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the Federal league, there might be a
chance of getting them here imme
diately. Groh seems satisfied, but it
will be remembered that at one pe
riod last summer Niehoff was on the
point of jumping to Tinker's team.
McLarry, the second baseman se
cured from Louisville, may make
good here, but he is a prospect, while
Groh has been through the fire. And
the Cincinnati keystoner is very
much of a youngster, so second base
would be taken care of for more than
a year or two.
Catcher Ivy Wingo, when he
jumped back to St, Louis from the
Feds, signed a peculiar agreement by
which he was to go to any team se
lected by the Cards and Reds. If he
is not taken from St. Louis by some
other organized ball team there is
still danger that he will be a Federal.
There are all sorts of angles to
this Wingo-Dooin business and any
opinion as to where the matter will
end is merely a guess.
Federal leaguers are planning to
start real war on organized baseball
right from the first day of the com
ing season. White Sox opened the
Chicago season last year and the al
ternate system of inaugurating the
home compaign, followed in the past,
calls for the Cubs to start the ball
on the West Side April 14, with St.
Louis as an opponent.
In which case the Chifeds will con
test with them for opening day pat
ronage, playing against either Slou
feds or Kansas City. Both of these
teams started the season at home
last year, Indianapolis being the oth
er western visitor.
. Should organized ball upset its pre
cedent because of the war and start
the season with games on the South
Side, a change might also occur in
the Federal plans, as the Sox are
hard to outdraw on opening day, and
will be especially strong this year,
with Eddie Collins doing his first ex
hibiting in a Sox uniform.
The three leagues have not made
any of the dates in their schedules
public so far, but it is considered cer
tain that all -will get started April
14. The announcement of dates
may be late this spring, as some jock
eying for position is bound to occur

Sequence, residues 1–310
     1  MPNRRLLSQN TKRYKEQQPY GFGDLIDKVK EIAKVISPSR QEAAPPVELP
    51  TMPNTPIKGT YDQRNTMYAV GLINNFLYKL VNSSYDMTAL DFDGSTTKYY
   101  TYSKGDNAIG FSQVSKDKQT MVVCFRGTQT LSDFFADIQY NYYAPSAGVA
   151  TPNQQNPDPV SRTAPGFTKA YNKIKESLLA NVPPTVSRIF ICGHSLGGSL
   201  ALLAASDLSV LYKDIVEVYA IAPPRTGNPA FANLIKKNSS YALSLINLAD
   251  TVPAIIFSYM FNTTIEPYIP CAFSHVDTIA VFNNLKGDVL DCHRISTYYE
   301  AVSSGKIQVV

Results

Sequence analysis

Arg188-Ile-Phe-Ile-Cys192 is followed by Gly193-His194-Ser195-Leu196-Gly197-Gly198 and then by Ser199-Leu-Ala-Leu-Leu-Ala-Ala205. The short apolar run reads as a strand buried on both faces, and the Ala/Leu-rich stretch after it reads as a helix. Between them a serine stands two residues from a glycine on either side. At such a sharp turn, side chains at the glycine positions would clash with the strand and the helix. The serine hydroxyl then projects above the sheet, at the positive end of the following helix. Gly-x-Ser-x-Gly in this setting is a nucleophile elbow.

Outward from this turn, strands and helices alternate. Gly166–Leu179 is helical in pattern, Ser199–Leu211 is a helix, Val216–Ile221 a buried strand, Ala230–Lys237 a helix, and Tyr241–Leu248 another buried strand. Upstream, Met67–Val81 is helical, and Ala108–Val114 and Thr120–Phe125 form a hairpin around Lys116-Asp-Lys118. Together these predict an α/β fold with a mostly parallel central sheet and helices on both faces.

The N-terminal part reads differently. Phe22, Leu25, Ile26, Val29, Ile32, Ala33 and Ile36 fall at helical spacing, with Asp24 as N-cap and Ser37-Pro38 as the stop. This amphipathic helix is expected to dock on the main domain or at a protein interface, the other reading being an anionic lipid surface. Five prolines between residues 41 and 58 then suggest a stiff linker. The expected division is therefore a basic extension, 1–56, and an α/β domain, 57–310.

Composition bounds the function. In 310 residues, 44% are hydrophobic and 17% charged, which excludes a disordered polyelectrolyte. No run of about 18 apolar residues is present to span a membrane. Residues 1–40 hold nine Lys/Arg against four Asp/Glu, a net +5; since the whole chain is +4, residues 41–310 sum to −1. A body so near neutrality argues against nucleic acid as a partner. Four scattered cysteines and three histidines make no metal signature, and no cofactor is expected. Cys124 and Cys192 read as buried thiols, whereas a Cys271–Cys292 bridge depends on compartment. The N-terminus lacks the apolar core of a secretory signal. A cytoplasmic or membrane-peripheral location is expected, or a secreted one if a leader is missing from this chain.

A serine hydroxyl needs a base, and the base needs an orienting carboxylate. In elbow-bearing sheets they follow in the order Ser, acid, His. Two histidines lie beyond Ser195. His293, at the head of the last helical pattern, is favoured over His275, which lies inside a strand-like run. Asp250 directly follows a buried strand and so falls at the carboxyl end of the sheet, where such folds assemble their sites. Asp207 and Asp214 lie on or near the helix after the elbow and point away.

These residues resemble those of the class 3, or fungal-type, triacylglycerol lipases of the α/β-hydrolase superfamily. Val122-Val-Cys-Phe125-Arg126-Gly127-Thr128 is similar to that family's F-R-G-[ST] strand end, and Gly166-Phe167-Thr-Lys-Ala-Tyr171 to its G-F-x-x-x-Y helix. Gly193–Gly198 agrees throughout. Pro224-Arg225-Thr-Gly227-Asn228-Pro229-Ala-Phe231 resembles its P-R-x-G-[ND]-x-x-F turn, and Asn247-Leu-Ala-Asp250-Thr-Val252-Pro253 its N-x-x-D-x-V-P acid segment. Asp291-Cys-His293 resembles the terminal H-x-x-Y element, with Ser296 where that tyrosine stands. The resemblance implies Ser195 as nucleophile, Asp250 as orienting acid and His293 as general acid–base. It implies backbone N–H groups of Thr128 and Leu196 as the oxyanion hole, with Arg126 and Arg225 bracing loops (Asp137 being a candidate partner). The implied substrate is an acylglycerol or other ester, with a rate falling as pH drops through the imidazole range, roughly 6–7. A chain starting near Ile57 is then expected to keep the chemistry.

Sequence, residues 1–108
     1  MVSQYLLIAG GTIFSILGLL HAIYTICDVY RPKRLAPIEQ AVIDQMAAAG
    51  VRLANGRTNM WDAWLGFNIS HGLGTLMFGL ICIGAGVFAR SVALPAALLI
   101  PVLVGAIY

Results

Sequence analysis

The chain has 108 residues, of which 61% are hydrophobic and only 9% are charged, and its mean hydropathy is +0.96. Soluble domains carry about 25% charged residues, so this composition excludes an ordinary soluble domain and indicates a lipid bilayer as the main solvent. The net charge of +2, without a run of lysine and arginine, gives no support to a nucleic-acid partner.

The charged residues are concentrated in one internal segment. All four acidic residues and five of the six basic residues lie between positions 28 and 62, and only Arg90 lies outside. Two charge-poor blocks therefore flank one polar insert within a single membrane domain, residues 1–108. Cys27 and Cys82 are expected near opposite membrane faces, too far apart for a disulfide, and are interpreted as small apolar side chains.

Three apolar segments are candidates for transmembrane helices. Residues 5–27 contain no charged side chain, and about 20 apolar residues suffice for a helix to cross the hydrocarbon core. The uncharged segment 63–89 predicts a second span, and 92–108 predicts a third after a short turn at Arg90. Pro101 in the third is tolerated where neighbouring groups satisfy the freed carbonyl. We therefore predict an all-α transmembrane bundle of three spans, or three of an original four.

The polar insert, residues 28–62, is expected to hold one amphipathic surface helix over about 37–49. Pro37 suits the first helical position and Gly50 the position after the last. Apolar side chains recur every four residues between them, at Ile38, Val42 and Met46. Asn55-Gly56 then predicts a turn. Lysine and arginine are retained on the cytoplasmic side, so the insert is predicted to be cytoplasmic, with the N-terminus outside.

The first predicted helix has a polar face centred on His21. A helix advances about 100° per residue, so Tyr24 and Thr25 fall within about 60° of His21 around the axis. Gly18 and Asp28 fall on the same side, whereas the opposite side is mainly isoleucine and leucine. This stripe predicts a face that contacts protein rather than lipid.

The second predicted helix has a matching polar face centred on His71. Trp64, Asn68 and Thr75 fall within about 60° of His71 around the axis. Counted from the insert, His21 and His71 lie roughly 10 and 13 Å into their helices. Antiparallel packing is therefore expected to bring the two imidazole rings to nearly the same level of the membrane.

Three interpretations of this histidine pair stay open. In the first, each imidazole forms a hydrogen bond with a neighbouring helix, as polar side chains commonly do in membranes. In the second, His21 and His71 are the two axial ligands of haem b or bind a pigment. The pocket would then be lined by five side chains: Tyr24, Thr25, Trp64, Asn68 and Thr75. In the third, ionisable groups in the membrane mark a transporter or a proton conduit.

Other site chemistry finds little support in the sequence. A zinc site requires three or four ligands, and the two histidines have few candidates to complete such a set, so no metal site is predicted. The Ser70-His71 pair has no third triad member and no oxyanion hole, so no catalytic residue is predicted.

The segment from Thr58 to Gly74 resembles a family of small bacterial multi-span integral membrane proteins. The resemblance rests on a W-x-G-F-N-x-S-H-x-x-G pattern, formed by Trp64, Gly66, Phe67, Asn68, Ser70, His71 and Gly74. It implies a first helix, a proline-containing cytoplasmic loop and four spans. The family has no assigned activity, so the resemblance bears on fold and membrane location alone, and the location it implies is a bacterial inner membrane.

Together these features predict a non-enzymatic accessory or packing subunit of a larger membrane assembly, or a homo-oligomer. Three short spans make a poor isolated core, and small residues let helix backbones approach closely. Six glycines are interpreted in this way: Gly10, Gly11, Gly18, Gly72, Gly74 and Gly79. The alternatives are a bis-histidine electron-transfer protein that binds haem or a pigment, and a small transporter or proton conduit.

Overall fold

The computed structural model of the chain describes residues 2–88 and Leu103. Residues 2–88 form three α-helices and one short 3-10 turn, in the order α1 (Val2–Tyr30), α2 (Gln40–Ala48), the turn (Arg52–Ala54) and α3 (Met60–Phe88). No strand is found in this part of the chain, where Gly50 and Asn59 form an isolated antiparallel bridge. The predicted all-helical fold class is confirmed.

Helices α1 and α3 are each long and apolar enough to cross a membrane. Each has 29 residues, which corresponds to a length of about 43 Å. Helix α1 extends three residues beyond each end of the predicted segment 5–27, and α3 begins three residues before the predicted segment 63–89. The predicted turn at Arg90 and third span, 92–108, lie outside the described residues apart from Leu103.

and each faction will be backward
about disclosing its hand.
The Western league this year will
cut its schedule from 168 to 154
games. President O'Neill has called
the schedule framers to a meeting
here Feb. 5.
Hamilton club swimming team de
feated University of Chicago, 38 to
20. Brown of Hamilton lowered tank
record in 100-yard event to :59 1-5.
He cut the 220 mark to 2:33. Pav
licek was the maroon star. In a wa
ter basketball game Chicago beat
Hamilton, 6 to 0.
Joe Loomis, all-round athlete of
Chicago A. A., won the high jump in
the indoor games at Madison Square
Garden, New York, clearing the bar
at 6 feet 1 inch.
Indoor Baseball Scores
Leo, 5 ; Acquinas, 4.
Kettler, 7; Lafayette, 4.
O'Connell, 14; University, 1.
Lombard, 21; St Ignatius, 20.
Oilvet Reds, 38; Cent Maroons, 31.
Hot basketball is in prospect when
the Oswego, N. Y., five clashes with
the Mercury A ,C. quintet at St Fran
cis hall, Newbury and 12th sts., in a
two-game series. The first will be
played Saturday night and the sec
ond Monday. Oswego is claiming the
championship of the world in its
Anton O'Sicky, at left, the speedy
Cleveland boy, is now international
amateur ice-skating champion since
Bobby McLean, the Chicago whirl
wind, vacated the title to become a
professional. O'Sicky was runner
up. But, with title and all, his broth
er, Ben O'Sicky, defeated him re
cently in the Ohio championships at
Cleveland. The pair plan to race for
J the international honors,